Where is everybody? City workers still home

Under 10 percent back in Manhattan offices; Google extends work-from-home

New York /
Jul.July 27, 2020 11:00 AM
Only 9 percent of workers had returned to Midtown and 8 percent to Downtown. (iStock)

Only 9 percent of workers had returned to Midtown and 8 percent to Downtown. (iStock)

Echo, echo, echo…

Although New York office buildings have been allowed to reopen, not even 1 in 10 workers have returned.

The world’s largest commercial real estate servicer, CBRE, told the Wall Street Journal that only 9 percent of workers had returned to Midtown and 8 percent to Downtown.

William Rudin, whose Rudin Management Company oversees 16 office towers and 10 million square feet of Class A space, told the Journal that “people are being rightfully careful.”

Workers’ reemergence varies depending on their industry, with some of the biggest companies looking to reduce their office footprint.

Financial firms that rely on technology difficult to replicate at home have been more eager to bring their employees back to the office, although even JPMorgan Chase and Citigroup have kept occupancy to about 20 percent.

Technology companies, however, have not pushed workers to return, in part because their operations are typically possible from anywhere with broadband.

Google just decided to keep its workers remote until July 2021, Microsoft continues to recommend that employees do so, and Twitter has made optional work-from-home permanent.

John Vazquez, head of real estate at Verizon Communications, said that whether schools reopen in the fall will be a litmus test for many of its employees.

Were schools to reopen for two or three days a week, as New York City is planning, “that’s not enough for working parents,” Vazquez said, suggesting that anything less than a full reopening would keep many of its employees home for longer. [WSJ] — Orion Jones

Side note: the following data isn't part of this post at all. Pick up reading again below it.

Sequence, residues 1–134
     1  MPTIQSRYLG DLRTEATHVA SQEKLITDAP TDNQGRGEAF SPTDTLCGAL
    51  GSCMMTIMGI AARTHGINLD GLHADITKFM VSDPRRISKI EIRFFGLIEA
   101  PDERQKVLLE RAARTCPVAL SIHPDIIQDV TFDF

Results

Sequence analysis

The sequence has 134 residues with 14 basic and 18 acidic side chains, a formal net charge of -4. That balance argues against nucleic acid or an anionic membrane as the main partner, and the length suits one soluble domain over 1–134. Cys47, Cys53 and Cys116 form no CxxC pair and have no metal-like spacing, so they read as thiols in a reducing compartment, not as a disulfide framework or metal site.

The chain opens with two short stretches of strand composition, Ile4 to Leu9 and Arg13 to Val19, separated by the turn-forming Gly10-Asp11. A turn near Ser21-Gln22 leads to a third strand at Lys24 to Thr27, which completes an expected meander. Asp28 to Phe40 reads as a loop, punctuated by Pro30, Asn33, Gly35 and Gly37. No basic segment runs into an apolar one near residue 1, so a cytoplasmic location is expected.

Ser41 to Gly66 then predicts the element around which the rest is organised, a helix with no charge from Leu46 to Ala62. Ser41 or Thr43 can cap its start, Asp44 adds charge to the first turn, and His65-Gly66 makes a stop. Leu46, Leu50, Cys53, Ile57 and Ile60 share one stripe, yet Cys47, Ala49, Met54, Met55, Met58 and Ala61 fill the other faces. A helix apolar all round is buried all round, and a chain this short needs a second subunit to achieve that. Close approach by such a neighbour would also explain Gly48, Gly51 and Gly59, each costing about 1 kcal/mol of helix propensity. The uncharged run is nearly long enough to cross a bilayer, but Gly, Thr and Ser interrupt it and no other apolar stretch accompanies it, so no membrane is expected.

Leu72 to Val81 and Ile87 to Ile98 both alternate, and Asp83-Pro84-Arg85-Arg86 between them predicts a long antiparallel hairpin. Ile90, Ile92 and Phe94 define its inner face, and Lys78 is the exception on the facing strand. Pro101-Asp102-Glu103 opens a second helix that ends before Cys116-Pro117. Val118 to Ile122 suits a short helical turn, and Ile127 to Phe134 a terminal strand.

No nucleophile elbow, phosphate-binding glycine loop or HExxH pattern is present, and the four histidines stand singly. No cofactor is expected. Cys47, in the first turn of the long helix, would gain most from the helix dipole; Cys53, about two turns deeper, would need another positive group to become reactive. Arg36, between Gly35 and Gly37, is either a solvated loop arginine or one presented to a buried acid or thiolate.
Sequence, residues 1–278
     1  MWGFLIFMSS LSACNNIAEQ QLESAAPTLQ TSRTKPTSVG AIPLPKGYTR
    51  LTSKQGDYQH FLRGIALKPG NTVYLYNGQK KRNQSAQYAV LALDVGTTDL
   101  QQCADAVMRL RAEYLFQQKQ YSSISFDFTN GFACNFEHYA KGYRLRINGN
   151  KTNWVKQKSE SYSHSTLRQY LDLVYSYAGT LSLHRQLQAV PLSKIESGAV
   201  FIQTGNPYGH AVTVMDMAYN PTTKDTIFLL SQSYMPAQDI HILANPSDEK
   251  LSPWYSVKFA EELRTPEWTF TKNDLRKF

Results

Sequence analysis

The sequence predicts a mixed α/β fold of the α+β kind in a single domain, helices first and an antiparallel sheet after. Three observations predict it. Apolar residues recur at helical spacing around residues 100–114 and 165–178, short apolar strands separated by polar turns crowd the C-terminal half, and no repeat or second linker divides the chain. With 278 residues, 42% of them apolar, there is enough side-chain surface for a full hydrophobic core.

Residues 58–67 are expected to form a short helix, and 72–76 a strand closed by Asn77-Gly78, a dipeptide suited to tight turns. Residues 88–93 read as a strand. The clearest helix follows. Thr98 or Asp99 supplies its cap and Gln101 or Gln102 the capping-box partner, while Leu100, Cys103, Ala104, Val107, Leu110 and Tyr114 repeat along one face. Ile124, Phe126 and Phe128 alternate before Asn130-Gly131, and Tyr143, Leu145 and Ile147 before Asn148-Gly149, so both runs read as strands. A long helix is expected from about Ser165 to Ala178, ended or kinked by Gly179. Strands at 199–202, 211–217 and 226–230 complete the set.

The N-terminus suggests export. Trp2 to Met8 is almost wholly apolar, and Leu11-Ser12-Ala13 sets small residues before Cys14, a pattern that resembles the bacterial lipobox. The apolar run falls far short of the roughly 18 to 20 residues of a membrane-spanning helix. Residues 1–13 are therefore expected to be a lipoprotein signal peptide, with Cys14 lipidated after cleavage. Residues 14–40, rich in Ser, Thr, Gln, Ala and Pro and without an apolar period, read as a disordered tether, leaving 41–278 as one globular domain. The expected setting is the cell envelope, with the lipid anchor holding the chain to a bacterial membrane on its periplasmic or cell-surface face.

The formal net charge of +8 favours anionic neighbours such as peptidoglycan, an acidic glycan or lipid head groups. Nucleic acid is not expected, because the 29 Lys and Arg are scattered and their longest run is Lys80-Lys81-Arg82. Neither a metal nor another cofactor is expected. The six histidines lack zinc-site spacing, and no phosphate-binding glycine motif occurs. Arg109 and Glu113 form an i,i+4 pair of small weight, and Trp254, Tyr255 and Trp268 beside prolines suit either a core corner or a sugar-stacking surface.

Related Articles

arrow_forward_ios
“The New Kings of New York” rockets to top of Amazon charts
“The New Kings of New York” rockets to top of Amazon charts
“The New Kings of New York” rockets to top of Amazon charts
Gopuff co-CEO Rafael Ilishayev (Gopuff, iStock)
Gopuff scaling back warehouse footprint amid rapid-delivery slowdown
Gopuff scaling back warehouse footprint amid rapid-delivery slowdown
Incoming WeWork CFO Andre Fernandez (WeWork, iStock)
WeWork names new CFO
WeWork names new CFO
Brian R. Steinwurtzel and 100 Pearl Street (GFP Real Estate, LoopNet, iStock/Photo Illustration by Steven Dilakian for The Real Deal)
Squash club starting a racket at 100 Pearl Street office tower
Squash club starting a racket at 100 Pearl Street office tower
Upflex co-founders Christophe Garnier and Ginger Dhaliwal (Upflex, LinkedIn/Ginger Dhaliwal, iStock)
Upflex raises $30M, signaling rise of flex-office aggregators
Upflex raises $30M, signaling rise of flex-office aggregators
Vorea Principal's Peter Papamichael with 10-04 Borden Ave (Vorea Group, iStock)
Skydiver lands first NYC location in Long Island City
Skydiver lands first NYC location in Long Island City
Two Trees Management's Jed Walentas and 50 West 23rd Street (Walentas/via Marc Skrivo, Google Maps, iStock)
Trustpilot takes 34k sf at Two Trees’ Midtown South building
Trustpilot takes 34k sf at Two Trees’ Midtown South building
Bruce Brickman and 35-11 9th Street (Young Jewish Professionals, Google Maps)
Astoria cigar factory converted to offices highlighted NYC i-sales last week
Astoria cigar factory converted to offices highlighted NYC i-sales last week
arrow_forward_ios

The Deal's newsletters give you the latest scoops, fresh headlines, marketing data, and things to know within the industry.

Loading...